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Freshman Research Initiative Alumna Awarded Prestigious HHMI Fellowship

Freshman Research Initiative Alumna Awarded Prestigious HHMI Fellowship
Alumna Lynne Chantranupong was named as one of the inaugural Howard Hughes Medical Institute (HHMI) 2017 Hanna H. Gray Fellows.

UT Austin alumna Lynne Chantranupong —currently a postdoctoral research fellow in neurobiology at Harvard Medical School—was named as one of the inaugural Howard Hughes Medical Institute (HHMI) 2017 Hanna H. Gray Fellows. HHMI is an early-career science award providing up to $1.4 million in financial support, mentoring, and active involvement within the HHMI community during early postdoctoral training through several years of a tenure-track faculty position.

Chantranupong (B.S., Biology, '10) was a 2008 Beckman Scholar and one of the original mentors for the Virology Research Stream (currently inactive) in the Freshman Research Initiative program. She also worked as an undergraduate researcher in Professor George Georgiou's protein therapeutics and applied immunology laboratory. She was a coauthor of several research publications at UT Austin and went on to receive a Ph.D. in biology from the Massachusetts Institute of Technology. 

What research are you working on now that you are most excited about? 

I'm using biochemical approaches to try to uncover the diversity with which neurons communicate with one another in the brain. I'm excited to delve into a system and field that I've never explored before and learn more about how our brain functions! 

How do you think your involvement in the FRI program has helped you to achieve your research accomplishments?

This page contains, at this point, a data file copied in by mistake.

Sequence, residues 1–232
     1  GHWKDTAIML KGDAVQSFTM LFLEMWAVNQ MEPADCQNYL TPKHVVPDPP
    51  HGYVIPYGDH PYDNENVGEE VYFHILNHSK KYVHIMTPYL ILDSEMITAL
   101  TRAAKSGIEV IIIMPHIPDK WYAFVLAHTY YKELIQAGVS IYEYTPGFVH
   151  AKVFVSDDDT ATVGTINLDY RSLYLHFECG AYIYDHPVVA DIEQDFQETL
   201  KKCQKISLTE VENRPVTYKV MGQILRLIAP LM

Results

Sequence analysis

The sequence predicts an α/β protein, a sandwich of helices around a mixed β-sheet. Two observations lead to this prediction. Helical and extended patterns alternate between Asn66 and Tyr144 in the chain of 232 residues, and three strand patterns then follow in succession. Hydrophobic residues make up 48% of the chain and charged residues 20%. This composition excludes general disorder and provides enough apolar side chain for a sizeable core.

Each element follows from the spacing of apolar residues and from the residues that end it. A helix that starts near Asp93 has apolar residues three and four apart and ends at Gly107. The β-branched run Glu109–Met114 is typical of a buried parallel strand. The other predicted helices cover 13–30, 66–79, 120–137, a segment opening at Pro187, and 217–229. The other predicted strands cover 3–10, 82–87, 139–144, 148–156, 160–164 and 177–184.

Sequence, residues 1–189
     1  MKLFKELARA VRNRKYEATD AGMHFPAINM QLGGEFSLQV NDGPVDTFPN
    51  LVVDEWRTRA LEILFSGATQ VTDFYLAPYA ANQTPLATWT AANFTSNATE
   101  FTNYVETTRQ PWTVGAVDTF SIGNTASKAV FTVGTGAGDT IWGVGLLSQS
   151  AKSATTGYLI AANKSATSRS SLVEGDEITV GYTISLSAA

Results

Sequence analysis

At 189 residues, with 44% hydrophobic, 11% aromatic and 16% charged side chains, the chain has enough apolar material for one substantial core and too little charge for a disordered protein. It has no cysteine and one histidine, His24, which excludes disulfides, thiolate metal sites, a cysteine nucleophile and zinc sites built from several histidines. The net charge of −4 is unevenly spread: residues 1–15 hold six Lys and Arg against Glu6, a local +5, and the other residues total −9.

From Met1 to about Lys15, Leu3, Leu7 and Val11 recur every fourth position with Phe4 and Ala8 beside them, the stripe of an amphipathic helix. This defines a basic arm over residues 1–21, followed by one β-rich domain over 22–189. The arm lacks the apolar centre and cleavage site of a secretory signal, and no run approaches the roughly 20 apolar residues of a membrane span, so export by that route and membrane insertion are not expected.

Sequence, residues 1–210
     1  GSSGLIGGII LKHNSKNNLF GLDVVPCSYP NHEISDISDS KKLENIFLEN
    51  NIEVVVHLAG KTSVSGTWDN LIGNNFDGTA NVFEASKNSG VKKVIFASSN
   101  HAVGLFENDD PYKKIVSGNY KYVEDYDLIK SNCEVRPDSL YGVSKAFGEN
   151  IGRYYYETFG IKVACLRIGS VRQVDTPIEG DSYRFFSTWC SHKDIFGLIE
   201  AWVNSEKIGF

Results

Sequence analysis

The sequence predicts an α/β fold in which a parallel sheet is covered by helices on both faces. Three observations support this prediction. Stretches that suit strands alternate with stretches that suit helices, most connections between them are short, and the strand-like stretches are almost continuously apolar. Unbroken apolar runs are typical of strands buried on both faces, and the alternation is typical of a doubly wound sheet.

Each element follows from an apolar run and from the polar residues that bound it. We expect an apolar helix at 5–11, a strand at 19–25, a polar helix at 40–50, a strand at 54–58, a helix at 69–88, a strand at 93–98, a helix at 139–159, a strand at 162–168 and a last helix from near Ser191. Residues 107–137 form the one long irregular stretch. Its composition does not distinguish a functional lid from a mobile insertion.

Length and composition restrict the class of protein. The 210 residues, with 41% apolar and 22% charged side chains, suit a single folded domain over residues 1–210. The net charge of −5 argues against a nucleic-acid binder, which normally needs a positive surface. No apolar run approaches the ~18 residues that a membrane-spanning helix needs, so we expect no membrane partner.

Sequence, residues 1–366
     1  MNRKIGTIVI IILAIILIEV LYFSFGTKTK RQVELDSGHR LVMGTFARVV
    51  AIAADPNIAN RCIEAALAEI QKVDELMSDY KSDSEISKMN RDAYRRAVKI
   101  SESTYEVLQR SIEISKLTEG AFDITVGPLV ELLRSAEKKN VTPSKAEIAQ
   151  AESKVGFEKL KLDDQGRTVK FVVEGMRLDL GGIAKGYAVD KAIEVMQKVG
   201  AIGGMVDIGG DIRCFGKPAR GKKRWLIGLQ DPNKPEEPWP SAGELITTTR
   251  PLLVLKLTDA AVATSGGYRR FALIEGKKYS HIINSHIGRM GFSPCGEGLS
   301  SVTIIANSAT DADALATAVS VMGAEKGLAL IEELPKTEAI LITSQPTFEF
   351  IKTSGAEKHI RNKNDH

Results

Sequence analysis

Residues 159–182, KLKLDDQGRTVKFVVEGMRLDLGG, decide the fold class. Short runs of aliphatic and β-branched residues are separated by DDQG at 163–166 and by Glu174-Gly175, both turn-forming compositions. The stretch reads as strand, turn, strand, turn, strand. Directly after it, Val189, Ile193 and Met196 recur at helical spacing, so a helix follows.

As an FRI mentor, I learned how to better engage and guide others in research and the importance of training new scientists. Over the years in graduate school, I built upon what I've learned through FRI with each of the mentees that I had the opportunity to work with. 

What was your favorite FRI experience? 

There wasn't one experience in particular. What I enjoyed most was getting to interact with and help students in the program, and seeing the excitement that others have doing research. 

Do you have any advice for FRI students? 

Research can at times be tough, and a project can have its ups and downs. You have to persevere through this and learn from any challenges you face. Being a part of FRI, combined with my experiences working in the lab, has helped to expose me to these challenges and mature as a scientist.

Biology is so vast, and there are many interesting avenues to explore. Don't be afraid to try out new fields to figure out what captures your interests. The most important thing is that you stay passionate and curious about you do! 


Interviewed by Elizabeth Ilardi, Texas Institute for Discovery Education in Science

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Monday, 11 December 2017

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